The load condition of the alternator is derived from the average conduction rate of the switching means, and the value of a reference voltage to be applied to the switching means is varied dependent on the load condition.
With the foregoing arrangement, an alternator-sensing type voltage regulator is capable of preventing a variation in the battery charging voltage to thereby charge the battery in proper condition.
A battery-sensing type voltage regulator is also capable of charging the battery in proper condition by properly changing the battery charging voltage.
The above and other objects, features and advantages of the present invention will become more apparent from the following description when taken in conjunction with the accompanying drawings in which preferred embodiments of the present invention are shown by way of illustrative example.
FIG. 1 is a circuit diagram of a voltage regulator according to an embodiment of the present invention;
FIGS. 2A and 2B are diagrams showing an output signal voltage from a smoothing circuit and a reference voltage in the voltage regulator shown in FIG. 1 respectively as they vary with respect to the average conduction rate of a switching transistor in the voltage regulator; and
FIG. 3 is a circuit diagram of a voltage regulator according to another embodiment of the present invention.
As shown in FIG. 1, a battery 1 and an electric load 3 are connected in parallel to an alternator 2, the electric load 3 symbolizing various electric parts on an automotive vehicle. A voltage regulator of the present invention comprises a comparator 4 for detecting the ON-state of a switching circuit 7 (described later), a smoothing circuit 5 serving as a conduction rate detecting means for issuing an output 5a indicative of an average ON duty D of the switching means, a reference-voltage generating circuit 6, and a switching circuit 7.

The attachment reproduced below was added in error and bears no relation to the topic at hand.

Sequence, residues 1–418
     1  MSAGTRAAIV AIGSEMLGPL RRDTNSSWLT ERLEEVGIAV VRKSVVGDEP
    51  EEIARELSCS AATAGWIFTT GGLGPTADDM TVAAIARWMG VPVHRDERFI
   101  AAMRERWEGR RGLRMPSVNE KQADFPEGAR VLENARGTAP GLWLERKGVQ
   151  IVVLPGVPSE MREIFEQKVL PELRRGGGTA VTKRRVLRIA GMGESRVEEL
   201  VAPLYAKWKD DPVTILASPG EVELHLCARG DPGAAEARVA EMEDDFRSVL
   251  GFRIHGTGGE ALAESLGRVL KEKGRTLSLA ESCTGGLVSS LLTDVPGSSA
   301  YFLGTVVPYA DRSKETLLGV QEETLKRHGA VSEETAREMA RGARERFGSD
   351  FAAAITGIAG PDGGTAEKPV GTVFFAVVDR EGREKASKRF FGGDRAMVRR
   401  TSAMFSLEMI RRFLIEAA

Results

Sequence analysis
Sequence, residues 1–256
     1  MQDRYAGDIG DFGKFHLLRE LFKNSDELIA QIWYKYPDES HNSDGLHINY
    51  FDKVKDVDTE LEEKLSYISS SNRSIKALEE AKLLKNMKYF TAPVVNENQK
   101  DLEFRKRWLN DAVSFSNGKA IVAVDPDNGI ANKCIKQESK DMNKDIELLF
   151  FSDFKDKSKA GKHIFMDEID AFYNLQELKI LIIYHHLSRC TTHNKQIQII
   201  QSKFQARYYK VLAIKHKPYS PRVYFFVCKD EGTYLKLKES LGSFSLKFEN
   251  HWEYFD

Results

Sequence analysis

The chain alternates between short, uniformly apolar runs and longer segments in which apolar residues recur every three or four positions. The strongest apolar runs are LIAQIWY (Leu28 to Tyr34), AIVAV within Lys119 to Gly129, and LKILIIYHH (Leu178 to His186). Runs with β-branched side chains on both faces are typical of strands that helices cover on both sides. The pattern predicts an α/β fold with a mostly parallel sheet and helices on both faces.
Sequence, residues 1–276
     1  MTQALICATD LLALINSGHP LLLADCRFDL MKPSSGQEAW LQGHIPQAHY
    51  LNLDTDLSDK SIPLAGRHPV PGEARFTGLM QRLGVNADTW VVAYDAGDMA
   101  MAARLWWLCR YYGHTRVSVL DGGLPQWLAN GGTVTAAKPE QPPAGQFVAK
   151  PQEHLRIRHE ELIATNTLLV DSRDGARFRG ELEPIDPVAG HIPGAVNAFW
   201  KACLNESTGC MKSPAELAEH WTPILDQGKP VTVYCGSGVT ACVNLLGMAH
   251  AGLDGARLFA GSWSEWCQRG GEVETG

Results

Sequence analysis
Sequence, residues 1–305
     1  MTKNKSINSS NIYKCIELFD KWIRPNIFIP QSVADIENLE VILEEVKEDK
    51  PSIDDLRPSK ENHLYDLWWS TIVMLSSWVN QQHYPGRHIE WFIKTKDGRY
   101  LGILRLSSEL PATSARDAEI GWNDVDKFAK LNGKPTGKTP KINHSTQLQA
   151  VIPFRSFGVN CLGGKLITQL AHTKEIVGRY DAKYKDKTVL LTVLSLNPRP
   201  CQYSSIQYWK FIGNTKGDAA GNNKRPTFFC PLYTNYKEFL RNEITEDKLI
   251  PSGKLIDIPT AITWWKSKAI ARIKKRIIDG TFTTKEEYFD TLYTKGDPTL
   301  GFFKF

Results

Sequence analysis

The alternator 2 is composed of a 3-phase stator coil 21 and a rotor (field) coil 22. The stator coil 21 induces an AC voltage thereacross when the rotor coil 22 is excited. The AC voltage generated by the stator coil 21 is rectified by a rectifier device 23.
The switching circuit 7 comprises a comparator 71, a switching transistor 72, and a pair of series-connected resistors 73, 74 which are connected to an output terminal of the alternator 2 by a sensing line 75 acting as a sensing means. The comparator 71 compares an output voltage VR from the reference-voltage generating circuit 6 with a feedback voltage appearing between the resistors 73, 74 and derived from a voltage VG generated by the alternator 2. Based on the result of voltage comparison, the comparator 71 turns on or off the transistor 72 for switching on or off a current flowing through the rotor coil 22 to thereby keep the voltage VG generated by the alternator 2 at a constant level (R1 +R2).VR /R2 (R1, R2 are resistances of the resistors 73, 74, respectively). More specifically, when the feedback voltage is greater than the reference voltage VR, the transistor 72 is turned off to de-energize the rotor coil 22 of the alternator 2 for reducing the voltage generated by the alternator 2. Conversely, when the feedback voltage is lower than the regulated voltage VR, the transistor 72 is rendered conductive to energize the rotor coil 22 of the alternator 2 for increasing the voltage generated thereby.
The comparator 4 has a non-inverting input terminal connected to the collector of the transistor 72. The collector voltage of the transistor 72 is therefore compared with a constant voltage VC1 applied to an inverting input terminal of the comparator 4. When the transistor 72 is turned on, its collector voltage is low, and the comparator 4 produces an output of "0" state (0 V). When the transistor 72 is turned off, the collector voltage is high and the comparator 4 issues an output of "1" state (VCC).
The smoothing circuit 5 is composed of a resistor 51 and a capacitor 52 for smoothing the output from the comparator 4 which varies in state. The smoothing circuit 5 produces a signal 5a with its voltage lowered in inverse proportion to an average ON duty D of the transistor 72 as shown in FIG. 2A.